Last modified: Wednesday, August 22, 2012
IU professor's new book reveals a 'Black Chicago Renaissance'
FOR IMMEDIATE RELEASE
Aug. 22, 2012
BLOOMINGTON, Ind. -- While much has been written about the influence of the Harlem Renaissance, a cultural movement that spanned the 1920s and 1930s, few scholars have taken note of similar periods of African-American creativity elsewhere.
A new book co-edited by an Indiana University professor presents a vibrant movement that took place in Chicago from the 1930s into the 1950s, likely mirroring in some ways how African-Americans in other cities were exploring new ways of expressing themselves musically, artistically and through the written word and social sciences.
"We recognized that a lot of energy was coming out of other cities," said John McCluskey, professor emeritus of African American and African Diaspora studies in IU's College of Arts and Sciences.
"Black Chicago experienced a cultural renaissance that rivaled and, some argue, exceeded the cultural outpouring in Harlem. The Black Chicago Renaissance, however, has yet to receive its full due. This volume addresses that neglect," his co-editor, Northwestern University professor Darlene Clark Hine, wrote in the introduction to "The Black Chicago Renaissance" (University of Illinois Press).
McCluskey, Hine and about 10 other scholars initially decided to look more closely at what happened in Chicago because of the activities of writers Richard Wright, who spent a decade in Chicago before later writing "Native Son," and Gwendolyn Brooks, whose poetry won a Pulitzer Prize.
"Even before the Harlem Renaissance was ending, there was a kind of bubbling along the way that things were happening in other parts of the country," said McCluskey, author of the novels "Look What They Done to My Song" and "Mr. America's Last Season Blues."
"We started probing Chicago and discovered that there was a lot of energy there that had gone unexamined," he added. "In some ways, it was not a countermovement, but an extension of the Harlem Renaissance into the Midwest."
The book so far has been well-received by scholars and not surprisingly in the "City of the Big Shoulders."
"The book is doing a couple of things. It is not only filling in gaps of information, but it also tries to challenge people to look at this whole notion of 'renaissance' in a different light," said McCluskey, also co-editor of "Black Men Speaking," a collection of voices, stories and poems, as well as several anthologies, and co-founder of the IU Press book series "Blacks in the Diaspora." "We're fairly confident that it will create a stir and enhance the conversation nationally about urban renaissances."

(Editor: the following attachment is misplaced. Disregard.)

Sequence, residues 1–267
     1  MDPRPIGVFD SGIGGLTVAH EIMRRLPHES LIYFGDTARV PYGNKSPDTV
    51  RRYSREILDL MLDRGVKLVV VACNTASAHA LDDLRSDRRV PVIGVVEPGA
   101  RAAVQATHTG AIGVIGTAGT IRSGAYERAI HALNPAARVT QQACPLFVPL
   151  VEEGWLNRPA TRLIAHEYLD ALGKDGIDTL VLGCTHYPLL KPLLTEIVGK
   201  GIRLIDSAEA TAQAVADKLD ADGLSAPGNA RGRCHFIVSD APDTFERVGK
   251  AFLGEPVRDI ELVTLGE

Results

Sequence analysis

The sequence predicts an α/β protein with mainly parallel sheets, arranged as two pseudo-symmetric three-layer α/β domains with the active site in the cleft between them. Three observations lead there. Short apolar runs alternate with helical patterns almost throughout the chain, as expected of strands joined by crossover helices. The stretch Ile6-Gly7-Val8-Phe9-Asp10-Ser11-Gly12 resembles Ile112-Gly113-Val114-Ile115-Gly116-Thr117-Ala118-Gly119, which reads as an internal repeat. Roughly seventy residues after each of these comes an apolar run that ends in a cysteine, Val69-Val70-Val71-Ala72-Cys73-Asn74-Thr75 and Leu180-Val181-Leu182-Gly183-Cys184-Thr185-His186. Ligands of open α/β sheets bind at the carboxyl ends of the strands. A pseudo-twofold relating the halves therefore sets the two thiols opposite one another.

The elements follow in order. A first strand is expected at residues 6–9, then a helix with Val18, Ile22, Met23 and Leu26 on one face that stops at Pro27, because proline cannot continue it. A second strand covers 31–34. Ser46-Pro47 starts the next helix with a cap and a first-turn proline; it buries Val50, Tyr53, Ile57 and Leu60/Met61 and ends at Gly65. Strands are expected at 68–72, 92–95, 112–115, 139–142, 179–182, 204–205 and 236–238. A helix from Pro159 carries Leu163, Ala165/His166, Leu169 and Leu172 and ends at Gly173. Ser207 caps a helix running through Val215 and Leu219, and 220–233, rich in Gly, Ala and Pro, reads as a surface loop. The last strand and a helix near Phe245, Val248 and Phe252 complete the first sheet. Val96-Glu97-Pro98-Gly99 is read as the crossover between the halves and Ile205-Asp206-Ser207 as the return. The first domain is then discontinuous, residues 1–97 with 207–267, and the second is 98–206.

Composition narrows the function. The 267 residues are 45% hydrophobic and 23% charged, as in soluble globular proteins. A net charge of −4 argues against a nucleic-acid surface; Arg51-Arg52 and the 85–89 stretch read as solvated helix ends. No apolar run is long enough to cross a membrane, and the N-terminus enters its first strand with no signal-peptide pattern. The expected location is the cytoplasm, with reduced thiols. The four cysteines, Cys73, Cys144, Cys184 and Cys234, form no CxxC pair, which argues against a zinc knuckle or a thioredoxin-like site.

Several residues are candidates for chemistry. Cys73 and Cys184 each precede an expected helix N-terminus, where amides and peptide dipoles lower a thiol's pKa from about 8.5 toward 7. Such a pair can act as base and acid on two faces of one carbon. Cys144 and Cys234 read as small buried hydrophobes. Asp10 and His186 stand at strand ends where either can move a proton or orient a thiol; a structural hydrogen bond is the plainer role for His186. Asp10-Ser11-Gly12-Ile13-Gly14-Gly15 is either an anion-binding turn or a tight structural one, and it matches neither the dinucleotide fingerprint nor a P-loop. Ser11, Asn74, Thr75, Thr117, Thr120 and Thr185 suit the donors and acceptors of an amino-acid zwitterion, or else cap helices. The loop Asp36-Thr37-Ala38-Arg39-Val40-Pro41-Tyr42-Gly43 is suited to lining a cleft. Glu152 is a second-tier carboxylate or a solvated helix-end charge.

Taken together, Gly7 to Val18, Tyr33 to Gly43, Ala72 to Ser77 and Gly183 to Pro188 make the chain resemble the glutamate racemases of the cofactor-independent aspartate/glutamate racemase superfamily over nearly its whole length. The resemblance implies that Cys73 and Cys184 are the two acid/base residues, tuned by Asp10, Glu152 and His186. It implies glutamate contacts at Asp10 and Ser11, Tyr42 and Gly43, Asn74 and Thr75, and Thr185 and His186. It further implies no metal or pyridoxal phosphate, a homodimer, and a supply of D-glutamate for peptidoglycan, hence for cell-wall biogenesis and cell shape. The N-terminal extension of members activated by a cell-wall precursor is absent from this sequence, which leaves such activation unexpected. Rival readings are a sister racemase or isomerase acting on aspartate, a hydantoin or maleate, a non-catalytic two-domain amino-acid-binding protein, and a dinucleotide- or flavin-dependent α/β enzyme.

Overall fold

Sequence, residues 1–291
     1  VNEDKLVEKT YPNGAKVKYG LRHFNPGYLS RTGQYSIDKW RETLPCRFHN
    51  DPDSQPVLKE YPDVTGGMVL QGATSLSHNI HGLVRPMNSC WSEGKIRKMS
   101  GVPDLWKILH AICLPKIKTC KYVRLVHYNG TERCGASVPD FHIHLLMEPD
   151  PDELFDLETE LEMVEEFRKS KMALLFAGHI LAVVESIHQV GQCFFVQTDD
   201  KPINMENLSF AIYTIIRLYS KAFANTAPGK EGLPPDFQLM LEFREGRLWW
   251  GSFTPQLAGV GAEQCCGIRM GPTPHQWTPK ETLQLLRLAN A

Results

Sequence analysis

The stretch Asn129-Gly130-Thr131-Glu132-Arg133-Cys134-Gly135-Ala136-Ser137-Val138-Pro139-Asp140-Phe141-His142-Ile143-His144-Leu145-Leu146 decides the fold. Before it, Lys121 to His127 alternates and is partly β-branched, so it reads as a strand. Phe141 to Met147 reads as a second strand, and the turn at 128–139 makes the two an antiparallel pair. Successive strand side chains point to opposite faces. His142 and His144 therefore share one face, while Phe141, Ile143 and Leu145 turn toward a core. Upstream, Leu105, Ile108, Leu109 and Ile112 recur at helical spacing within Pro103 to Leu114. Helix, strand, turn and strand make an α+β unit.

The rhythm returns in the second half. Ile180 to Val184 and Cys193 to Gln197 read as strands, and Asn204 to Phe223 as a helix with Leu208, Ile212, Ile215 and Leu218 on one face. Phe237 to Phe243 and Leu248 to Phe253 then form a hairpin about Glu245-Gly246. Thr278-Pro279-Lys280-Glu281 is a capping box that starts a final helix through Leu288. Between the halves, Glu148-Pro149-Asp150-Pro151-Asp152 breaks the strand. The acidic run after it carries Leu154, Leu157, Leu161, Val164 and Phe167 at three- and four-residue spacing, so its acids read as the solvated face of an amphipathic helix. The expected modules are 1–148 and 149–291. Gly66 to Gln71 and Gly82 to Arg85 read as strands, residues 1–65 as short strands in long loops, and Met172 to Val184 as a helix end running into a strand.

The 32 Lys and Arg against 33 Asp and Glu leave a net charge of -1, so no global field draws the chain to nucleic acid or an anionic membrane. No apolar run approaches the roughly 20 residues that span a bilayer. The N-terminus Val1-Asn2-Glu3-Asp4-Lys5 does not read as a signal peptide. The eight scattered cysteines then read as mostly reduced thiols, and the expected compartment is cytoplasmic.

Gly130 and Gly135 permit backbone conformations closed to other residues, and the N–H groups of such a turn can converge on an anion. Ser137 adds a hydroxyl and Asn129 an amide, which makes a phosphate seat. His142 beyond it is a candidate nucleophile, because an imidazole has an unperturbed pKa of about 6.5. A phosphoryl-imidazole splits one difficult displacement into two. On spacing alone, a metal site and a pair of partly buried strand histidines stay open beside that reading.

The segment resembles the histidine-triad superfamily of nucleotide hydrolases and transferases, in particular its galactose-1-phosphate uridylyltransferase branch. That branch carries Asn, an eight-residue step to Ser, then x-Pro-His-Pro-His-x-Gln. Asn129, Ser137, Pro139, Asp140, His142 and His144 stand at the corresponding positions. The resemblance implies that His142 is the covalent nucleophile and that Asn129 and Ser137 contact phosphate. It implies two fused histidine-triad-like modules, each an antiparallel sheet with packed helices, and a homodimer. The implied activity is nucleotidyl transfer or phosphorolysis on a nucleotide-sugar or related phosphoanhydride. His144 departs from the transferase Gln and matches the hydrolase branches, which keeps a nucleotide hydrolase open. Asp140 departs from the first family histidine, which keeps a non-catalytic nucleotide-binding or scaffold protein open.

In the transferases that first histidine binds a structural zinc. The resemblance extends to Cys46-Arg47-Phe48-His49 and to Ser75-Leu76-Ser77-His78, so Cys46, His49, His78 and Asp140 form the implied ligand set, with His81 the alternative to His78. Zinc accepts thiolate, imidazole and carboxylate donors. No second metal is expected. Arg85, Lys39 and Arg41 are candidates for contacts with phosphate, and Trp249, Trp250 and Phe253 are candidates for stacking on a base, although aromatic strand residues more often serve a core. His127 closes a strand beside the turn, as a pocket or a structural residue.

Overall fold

Unlike Harlem, Chicago was an urban industrial center that had attracted a great migration of African-Americans from the South, who came for employment. While the Harlem Renaissance was supported largely through individual white patronage, the movement in Chicago was more aligned with the working class.
"The scene was more gritty and blues-tinged than what came out of New York," he said.
Among the topics discussed in the book is the role of The Chicago Defender, a paper where Wright briefly worked and that published Brooks' poetry. McCluskey wrote a chapter about Wright, whom he says left an "imprint" on other Chicago authors through his participation in the Southside Writers Group, as well as writers in the other places he lived.
"I have always found him to be a fascinating character, almost like a bee that takes pollen from one place to another and helps flowers to blossom in those places," he said.
McCluskey said the differences between the Chicago and Harlem renaissances also are clearly seen through the work of many visual artists, who are discussed in the book by the late scholar and former dean of the School of Arts at Virginia Commonwealth University Murry DePillars, to whom it is dedicated. Nearly 25 pages of artwork from the Chicago Renaissance are presented and discussed in the book.
Other subjects discussed in the book are the historic Tivoli and Regal theaters, African-American music and the American Negro Exposition of 1940.
"We touch on a number of things, and we fully realize that there's still a lot more to be done, not just on Chicago, but also on the other cities during that period and even now," he said. "We are pleased to play a role in expanding and deepening the conversation on cultural movements, politics, and urban migration during the last century."